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    cyclesarah>> if you are moving to england, you'll lose weight after seeing what they consider food over there.

    add protein by eating: yogurt, pistaccio's and other nuts.

    also, hunger and thirst triggers feel the same to you, so make sure you are keeping up on yuor fluid intake.

    don't thank us, thank you and your husband for the sacrifices you are making for our freedom.
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  9. #9
    SSP
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    Quote Originally Posted by Cyclesarah
    Hi everyone!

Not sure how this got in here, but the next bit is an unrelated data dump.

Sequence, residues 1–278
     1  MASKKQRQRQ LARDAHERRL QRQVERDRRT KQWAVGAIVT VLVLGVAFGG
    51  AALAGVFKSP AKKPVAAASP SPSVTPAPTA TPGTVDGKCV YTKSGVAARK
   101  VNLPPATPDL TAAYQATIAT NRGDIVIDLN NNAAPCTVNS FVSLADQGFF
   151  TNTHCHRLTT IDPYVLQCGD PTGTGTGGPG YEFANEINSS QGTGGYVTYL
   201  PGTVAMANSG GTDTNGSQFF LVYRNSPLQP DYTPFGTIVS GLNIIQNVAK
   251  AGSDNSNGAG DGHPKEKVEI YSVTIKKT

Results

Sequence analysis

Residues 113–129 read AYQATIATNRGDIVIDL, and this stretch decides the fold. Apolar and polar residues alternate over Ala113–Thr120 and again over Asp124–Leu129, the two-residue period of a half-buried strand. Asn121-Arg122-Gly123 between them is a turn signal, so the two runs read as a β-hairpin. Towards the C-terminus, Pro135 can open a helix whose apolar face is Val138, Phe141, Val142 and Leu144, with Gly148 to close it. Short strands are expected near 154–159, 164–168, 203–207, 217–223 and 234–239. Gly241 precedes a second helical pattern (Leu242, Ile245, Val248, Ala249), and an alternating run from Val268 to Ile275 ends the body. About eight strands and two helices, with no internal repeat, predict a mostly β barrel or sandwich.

This marks my first post on this forum. Everyone here seems like they have some great insight, so I was hoping you could help me out. I must admit I am a bit frustrated! I am a 5'4", 129 lb female (25 years old) I am currently able to ride about 5 days a week, (sometimes 6) with my shortest rides being 1.5 hrs, and my longer rides (at this point) being around 3 hrs. for a total of about 7-9 hours a week of riding, with about 1.5 hrs a week alotted for weights. My question is this...whenever I ramp up my cycling, I tend to gain weight. The problem is, I am always hungry!! I have done the online BMR thing, and it seems that I need about 1800 kcals/day to exist, so in order to lose some of my extra "squishy parts" I have been trying to stay around 1800-2000 kcals a day. But I always seem to eat more, and blow my efforts! I know this is an idividual thing, but what seems like an appropriate kcal level for someone like me? Should I eat less to lose those last 4-5 lbs, or should I be eating more based on my activity level? I am just unsure as I always seem to be hungry...and I try to stay within a certain calorie level but I end up really hungry and I end up eating too much, and before you know it I have an extra pound or two on me.